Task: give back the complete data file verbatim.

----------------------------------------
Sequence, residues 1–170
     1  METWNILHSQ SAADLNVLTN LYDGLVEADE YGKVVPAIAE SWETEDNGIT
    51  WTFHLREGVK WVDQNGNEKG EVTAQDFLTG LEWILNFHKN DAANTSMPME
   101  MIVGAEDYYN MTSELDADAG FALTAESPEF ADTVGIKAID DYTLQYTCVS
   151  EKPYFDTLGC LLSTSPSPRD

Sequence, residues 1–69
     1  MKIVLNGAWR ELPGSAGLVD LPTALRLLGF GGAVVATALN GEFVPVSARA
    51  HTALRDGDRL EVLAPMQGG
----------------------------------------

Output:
Sequence, residues 1–170
     1  METWNILHSQ SAADLNVLTN LYDGLVEADE YGKVVPAIAE SWETEDNGIT
    51  WTFHLREGVK WVDQNGNEKG EVTAQDFLTG LEWILNFHKN DAANTSMPME
   101  MIVGAEDYYN MTSELDADAG FALTAESPEF ADTVGIKAID DYTLQYTCVS
   151  EKPYFDTLGC LLSTSPSPRD

Sequence, residues 1–69
     1  MKIVLNGAWR ELPGSAGLVD LPTALRLLGF GGAVVATALN GEFVPVSARA
    51  HTALRDGDRL EVLAPMQGG